1 Hour before the Cook
Remove the corned beef from the water and set it on a rimmed baking sheet. Pat the meat dry with paper towels and generously season both sides with the Hunter Beef Rub. Allow the meat to reach room temperature.
30 Minutes before the Cook
Start a lump charcoal fire in your cooker and top the fire with two to three fist-sized wood chunks. Once the charcoal is engaged, adjust the vents so that the cooker runs between 225°F and 250°F. It may take 10 to 20 minutes for the temperature in your cooker to stabilize.
When the temperature in the cooker is stabilized, place the meat fat-side up on the grate of the cooker.
Every Hour in the Cook
Keep an eye on the cooker temperature. If it is running hotter than 250°F or drops below 225°F for more than 10 to 15 minutes, adjust the vents or restock the charcoal to modify the temperature. To increase the temperature, you may need to restock the fire with a chimney of lit charcoal if the cooker is running low on charcoal. Or, if there is plenty of charcoal but it is not completely engaged, you may need to open the vent(s) slightly to increase airflow, which will ignite more charcoal and increase the temperature. Slightly close the vent(s) to decrease the temperature. Give the cooker 10 to 15 minutes to settle in to the new temperature before adjusting the vent(s) again.
If you are using a water pan, check hourly and refill as needed.
2 Hours into the Cook
Flip the corned beef fat-side down.
4 Hours into the Cook
Flip the corned beef fat-side up. Wrap aluminum foil around 2 to 3 inches of the tapered edge of the flat. Add 2 wood chunks to the fire and assess the charcoal to determine if you need to restock.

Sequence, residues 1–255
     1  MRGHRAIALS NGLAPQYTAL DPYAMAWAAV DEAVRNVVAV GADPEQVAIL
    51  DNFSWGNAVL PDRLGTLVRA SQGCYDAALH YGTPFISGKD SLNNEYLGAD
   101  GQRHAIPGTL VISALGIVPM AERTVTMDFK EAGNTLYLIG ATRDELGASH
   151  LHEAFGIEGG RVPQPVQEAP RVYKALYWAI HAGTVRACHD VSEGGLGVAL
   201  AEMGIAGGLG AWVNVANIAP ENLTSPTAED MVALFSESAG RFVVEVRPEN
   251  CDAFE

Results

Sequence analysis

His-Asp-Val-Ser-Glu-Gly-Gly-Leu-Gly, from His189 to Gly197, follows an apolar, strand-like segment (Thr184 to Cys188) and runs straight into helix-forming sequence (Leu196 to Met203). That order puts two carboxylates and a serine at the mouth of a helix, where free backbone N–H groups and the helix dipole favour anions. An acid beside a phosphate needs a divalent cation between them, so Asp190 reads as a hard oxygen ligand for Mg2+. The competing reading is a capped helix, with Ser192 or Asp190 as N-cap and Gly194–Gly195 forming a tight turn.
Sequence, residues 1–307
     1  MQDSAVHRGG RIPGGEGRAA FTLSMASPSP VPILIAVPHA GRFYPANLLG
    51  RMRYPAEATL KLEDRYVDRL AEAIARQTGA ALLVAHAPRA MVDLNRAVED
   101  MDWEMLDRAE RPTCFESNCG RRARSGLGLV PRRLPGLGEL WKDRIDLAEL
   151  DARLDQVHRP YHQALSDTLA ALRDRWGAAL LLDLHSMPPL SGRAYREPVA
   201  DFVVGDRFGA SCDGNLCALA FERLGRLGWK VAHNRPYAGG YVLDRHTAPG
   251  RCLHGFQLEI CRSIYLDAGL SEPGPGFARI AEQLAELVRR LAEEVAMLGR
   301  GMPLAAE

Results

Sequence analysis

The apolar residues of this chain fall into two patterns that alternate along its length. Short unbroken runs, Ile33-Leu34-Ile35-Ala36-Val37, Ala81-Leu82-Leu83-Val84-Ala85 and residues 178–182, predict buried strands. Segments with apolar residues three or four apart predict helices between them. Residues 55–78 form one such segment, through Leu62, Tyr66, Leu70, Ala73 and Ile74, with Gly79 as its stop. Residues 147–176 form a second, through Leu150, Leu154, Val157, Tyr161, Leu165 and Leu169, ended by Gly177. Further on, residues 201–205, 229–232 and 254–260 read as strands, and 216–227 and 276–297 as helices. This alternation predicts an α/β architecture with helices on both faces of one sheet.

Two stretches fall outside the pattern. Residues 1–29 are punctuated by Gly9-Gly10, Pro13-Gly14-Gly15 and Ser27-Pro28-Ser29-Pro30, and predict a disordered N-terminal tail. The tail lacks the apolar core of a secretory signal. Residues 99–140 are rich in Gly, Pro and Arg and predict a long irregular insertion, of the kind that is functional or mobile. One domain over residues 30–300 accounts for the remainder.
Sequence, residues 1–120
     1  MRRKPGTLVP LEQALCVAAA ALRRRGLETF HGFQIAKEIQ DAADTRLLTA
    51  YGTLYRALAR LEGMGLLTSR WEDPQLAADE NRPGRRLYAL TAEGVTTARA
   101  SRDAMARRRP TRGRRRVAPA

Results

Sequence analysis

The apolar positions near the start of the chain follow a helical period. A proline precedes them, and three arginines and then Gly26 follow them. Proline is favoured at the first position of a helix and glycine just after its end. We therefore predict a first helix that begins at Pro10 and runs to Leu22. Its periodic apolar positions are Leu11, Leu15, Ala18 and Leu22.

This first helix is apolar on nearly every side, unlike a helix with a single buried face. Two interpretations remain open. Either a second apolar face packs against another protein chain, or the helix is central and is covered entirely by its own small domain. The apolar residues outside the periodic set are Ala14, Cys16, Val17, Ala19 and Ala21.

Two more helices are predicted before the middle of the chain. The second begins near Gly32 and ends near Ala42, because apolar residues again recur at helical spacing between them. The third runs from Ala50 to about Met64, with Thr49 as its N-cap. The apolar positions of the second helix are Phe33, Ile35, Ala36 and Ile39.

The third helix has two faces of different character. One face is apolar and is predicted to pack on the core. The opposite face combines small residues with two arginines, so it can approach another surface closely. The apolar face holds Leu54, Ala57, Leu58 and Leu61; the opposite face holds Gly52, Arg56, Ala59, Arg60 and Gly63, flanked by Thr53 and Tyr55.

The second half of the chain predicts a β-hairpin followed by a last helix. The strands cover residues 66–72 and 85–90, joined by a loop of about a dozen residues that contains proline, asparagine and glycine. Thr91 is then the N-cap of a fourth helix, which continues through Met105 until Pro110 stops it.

5 Hours into the Cook
Check the temperature of the meat with an instant-read thermometer poked in several places (flat, middle, and point). This check is a reference point to see how close the meat is to 180°F. For a chef’s treat, slice off a piece of the fatty point. This crunchy, salty, fatty, smoky-with-a-hint-of-spice bite should reassure you that everything is going fine with the cook.
6 Hours into the Cook
Start checking the temperature of the meat every 20 to 30 minutes until it reaches 180°F and a meat fork slides in with slight resistance.
AT THE END OF THE COOK: The target internal temperature is around 180°F. A piece of meat this size can plateau between 150°F and 175°F and hold the temperature for several hours—so be patient. When you think the corned beef is ready, stick a two-tined fork in the middle to test the texture. There will be some resistance— remember, this isn’t a tender low-and-slow brisket, but the fork should slide in easily. When the meat is done, remove it from the cooker, wrap it in foil, and let it rest for at least 30 minutes before slicing. If you want a more tender, moist pastrami-style texture, follow the steaming directions.